Hibernation

Generic Ratings: 1. Crap. 2: Ok. 3: Good. 4: Great

This B-Side to the much heavier From Despair To Where is the opposite from a musical perspective, but displays similar emotional force and content. One of my all time favourite acoustic songs, and one of my all time favorite songs about love, this one has some of the finest lyrics ever written on the subject, taking a bitter look at that need or expectation to settle down into some fixed idea of a relationship because it’s what everyone else does. It’s that London or metropolitan culture of serving yourself until you’re near middle age, realising that dying alone isn’t a pleasant thought, so attaching yourself to the first drone of the opposite sex who finds themselves in the same position as you. It’s love when there is none. It’s giving up. It’s all described with the most gorgeous guitars and melodies and a much softer sound than anything else the band had released till that point. It’s damning and brutal, ice cold, and that ending never fails to leave a chill in its mixture of emotion and emptiness. Fantastic, desperate solo to close too.

Misheard Lyric – I got nothing, clear and crisp.

Hibernation: 4/Great

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Frommer’s London Free And Dirt Cheap – Book Review

*Note – Review originally written in 2010 based on a free (and dirt cheap) copy provided by Amazon
The Frommer’s Guide To Living Free And Dirt Cheap in London is based on a simple and useful principal- to explain how you can cut corners, save time and money, and experience many of the sights and sensations of one of the World’s most expensive cities without breaking the bank. Being an infrequent visitor to London means I like to pack as much into each visit as possible, and this lightweight and inexpensive book provides many tips, offers much advice, and suggests some alternatives that you may not have thought of. Basically the guide is a more informal and reader friendly version of the Time Out and Lonely Planet guides and offers the same information in a more digestible manner while also telling us of some of the lesser known museums, hotels, bars, and attractions. Of course all the main sights are here- those places which you cannot afford to miss but offers some simple ways to cut costs, although the main focus is on free galleries and sights which will also be less busy. In that sense this book is great for those who have seen all the A-List attractions and now wish to explore the lesser known monuments of history and more curious corners of the massive city.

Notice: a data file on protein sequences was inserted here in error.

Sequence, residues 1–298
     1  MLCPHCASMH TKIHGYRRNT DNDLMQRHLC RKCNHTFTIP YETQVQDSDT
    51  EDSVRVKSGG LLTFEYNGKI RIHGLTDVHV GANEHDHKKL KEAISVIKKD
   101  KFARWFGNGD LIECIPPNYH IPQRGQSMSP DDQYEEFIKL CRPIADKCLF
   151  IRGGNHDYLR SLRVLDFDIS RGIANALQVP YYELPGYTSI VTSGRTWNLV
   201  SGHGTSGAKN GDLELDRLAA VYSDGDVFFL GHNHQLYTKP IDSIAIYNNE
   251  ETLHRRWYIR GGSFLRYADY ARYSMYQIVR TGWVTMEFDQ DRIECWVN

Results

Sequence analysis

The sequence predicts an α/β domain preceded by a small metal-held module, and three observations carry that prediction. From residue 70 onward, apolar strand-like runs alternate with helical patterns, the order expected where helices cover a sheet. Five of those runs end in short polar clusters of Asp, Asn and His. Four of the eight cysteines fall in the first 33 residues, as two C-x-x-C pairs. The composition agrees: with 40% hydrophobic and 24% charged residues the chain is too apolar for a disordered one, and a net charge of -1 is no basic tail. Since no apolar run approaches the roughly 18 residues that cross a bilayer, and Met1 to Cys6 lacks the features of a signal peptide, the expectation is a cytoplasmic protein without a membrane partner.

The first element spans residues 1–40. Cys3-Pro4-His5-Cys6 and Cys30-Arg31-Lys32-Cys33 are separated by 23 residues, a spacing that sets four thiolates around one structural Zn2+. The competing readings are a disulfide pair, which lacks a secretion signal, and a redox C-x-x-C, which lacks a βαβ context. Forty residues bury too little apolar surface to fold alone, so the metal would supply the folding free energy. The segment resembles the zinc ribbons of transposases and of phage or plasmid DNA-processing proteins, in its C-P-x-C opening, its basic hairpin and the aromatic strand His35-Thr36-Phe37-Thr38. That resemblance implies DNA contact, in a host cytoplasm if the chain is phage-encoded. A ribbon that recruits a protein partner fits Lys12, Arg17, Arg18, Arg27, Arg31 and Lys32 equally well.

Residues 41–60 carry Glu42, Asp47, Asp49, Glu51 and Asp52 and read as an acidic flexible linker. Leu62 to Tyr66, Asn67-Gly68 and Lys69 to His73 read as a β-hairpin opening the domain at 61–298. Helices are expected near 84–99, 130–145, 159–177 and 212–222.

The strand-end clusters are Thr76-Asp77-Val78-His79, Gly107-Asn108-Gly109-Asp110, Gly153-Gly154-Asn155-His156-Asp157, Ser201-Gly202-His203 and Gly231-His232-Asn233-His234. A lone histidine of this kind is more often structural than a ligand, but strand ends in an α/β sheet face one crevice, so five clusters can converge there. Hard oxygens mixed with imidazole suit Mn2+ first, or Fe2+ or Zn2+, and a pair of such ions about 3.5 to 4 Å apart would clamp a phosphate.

The book is split into simple sections such as Sleeping, Eating, and Shopping, and into sub-sections like Hostels and Car Boot sales. Well written and informative this also contains useful maps of the various areas of London, opening times for many attractions, and a few itineraries to follow if you are short on inspiration. Although most will continue to go for the big, reliable tourist brands this is an interesting and handy guide for the more adventurous.